Monday, October 31, 2011

Dirty Girls Review

This is my review of Lauren's Saints of Dirty Faith by Alisa Valdes-Rodriguez, the NYTIMES bestselling author of the first installment of this series, The Dirty Girls Social Club.
Alisa's first novel, about six Latina friends in Boston, inspired me to write my debut novel, Boston Boys Club. She's been a long-distance inspiration/mentor to me over the years.
Here's my Amazon review of her third Dirty Girls book below:

Lauren Fernandez is on the run from her psycho ex-boyfriend, a corrupt Boston police detective. Usnavys Rivera is also on the run, from her Boston mortgage-holder and the repo man.
And Rebecca Baca can't seem to outrun her father's secret life in New Mexico.
Yes, the sucias are back in the third installment of The Dirty Girls Social Club series by Alisa Valdes-Rodriguez.
This new book, titled Lauren's Saints of Dirty Faith, though takes a different approach in letting readers catch up with their dirty girls. This time, we hang out with three of the amigas, and not six.
When we meet up with the trio, the ladies are in their mid 30s. They're juggling careers (or lack thereof), husbands, children and in Lauren's case, a dangerous ex-boyfriend in law enforcement who becomes obsessed with her after she drops him.
What's a sucia to do? Call her nenas for help. True to their bond since their days as journalism/communication students at Boston University (which was the first novel), the women help one another in good and bad and Lauren really needs them now.
I won't give away the plot details or spoilers but readers will find a suspenseful page-turner in this book.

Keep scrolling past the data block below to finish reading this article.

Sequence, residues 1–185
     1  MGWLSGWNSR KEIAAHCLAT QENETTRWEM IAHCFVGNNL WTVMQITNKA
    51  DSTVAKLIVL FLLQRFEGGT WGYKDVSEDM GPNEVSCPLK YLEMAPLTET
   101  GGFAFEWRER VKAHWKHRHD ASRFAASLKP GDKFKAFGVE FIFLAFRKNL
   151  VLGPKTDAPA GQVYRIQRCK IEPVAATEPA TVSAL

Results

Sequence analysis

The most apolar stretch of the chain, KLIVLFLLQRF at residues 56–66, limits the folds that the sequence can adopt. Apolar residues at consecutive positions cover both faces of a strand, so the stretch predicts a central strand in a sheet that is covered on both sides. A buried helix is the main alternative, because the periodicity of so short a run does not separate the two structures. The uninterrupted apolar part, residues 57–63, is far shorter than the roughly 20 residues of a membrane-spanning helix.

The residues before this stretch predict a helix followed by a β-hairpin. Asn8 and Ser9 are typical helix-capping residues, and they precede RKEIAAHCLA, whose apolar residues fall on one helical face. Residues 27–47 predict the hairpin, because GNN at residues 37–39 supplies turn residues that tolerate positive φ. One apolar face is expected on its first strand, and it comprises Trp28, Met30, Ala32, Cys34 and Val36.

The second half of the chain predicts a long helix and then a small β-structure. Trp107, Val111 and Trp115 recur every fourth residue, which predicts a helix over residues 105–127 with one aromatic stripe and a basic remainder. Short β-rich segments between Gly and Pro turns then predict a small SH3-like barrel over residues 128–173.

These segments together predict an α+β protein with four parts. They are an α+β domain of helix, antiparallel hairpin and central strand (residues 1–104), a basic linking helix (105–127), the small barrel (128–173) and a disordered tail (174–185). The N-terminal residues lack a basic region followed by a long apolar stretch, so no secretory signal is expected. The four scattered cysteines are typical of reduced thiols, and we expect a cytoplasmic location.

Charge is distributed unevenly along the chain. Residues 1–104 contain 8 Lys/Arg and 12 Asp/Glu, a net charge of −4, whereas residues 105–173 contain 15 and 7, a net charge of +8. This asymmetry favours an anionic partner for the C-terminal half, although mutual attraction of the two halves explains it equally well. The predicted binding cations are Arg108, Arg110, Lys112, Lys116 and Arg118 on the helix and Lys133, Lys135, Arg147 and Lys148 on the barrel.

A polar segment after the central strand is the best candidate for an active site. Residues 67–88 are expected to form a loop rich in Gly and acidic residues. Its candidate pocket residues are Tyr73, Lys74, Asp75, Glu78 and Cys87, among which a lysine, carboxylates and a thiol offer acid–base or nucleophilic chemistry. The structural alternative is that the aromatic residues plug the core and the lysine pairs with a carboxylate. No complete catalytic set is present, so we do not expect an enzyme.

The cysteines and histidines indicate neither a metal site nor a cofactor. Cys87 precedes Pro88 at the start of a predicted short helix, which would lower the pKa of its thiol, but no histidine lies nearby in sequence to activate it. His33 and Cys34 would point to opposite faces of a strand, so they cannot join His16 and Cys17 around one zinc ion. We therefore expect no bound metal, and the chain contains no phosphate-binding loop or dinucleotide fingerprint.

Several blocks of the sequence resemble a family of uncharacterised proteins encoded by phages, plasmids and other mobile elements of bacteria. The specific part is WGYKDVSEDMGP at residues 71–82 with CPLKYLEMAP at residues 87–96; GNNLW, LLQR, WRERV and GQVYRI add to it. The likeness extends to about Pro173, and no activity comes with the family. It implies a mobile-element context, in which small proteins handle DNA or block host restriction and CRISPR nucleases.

The novel essentially revolves around Boston news reporter Lauren picking the wrong guy once again and how Rebecca and Usnavys come to her rescue.
Because Lauren needs to hide, she flees to New Mexico and that is one of the strengths of the book. Valdes-Rodriguez, who used to work at The Boston Globe, deftly captures el saborcito of place. She invites the reader to a street-level-view of Boston's subway line (the T) and the rougher parts of Roxbury where Usnavys finds herself again after marital and economic problems. The author also transports us to the rural quiet beauty of New Mexico, where Rebecca lives and where the majority of the action unfolds.

The other strong point of the book is in its pacing. Valdes-Rodriguez has clearly studied master thriller fiction writer Dean Koontz well and she infused some of his storytelling techniques (fun banter set to the background of a chase and killer on the loose) with her own flair for the everyday professional Latina. (Watch out Janet Evanovich!).
The fast-moving story will keep you on the edge of your elliptical machine. This reader flew through the pages wondering what was going to happen next. Of all of Valdes-Rodriguez's books (and I've read them all), this was the fastest, most engaging read and I believe it's because of the cross-country chase which supplied the story with momentum and jolt.

The only thing I didn't like about the book was Rebecca's storyline as she dealt with the fallout from her father's secret life. Her chapters tended to slow the rush of the Lauren-on-the-lam narrative.
Rebecca's story didn't seem to fit into the overall theme of the book although it's because of Rebecca that Lauren finds safety. There was also a chapter by a relative of Rebecca's that seemed to come out of the blue. (There were some minor typos.)
Although this was Lauren's story, I felt that Usnavys stole the book. Her chapters outshone Lauren's. This reader found himself glancing ahead to see when another Usnavys chapter would begin again. Her chapters were crisper, more tightly written. Her voice registered most dominantly of the three women. Usnavys' chapters had more tone and description in her physical surroundings (Boston's Nieman Marcus at Copley Place or the fictional Roxbury hair salon) and in her emotional turmoil (marital and economic woes.)

The budding romance between Lauren and her cowboy neighbor was endearing and sprinkled some extra sexual oomph, which provided a good contrast to the dirty girl's danger.
It's about time a good guy lassoed Miz Fernandez's heart and once again, Valdes-Rodriguez roped me into her fictional world of the dirty girls.

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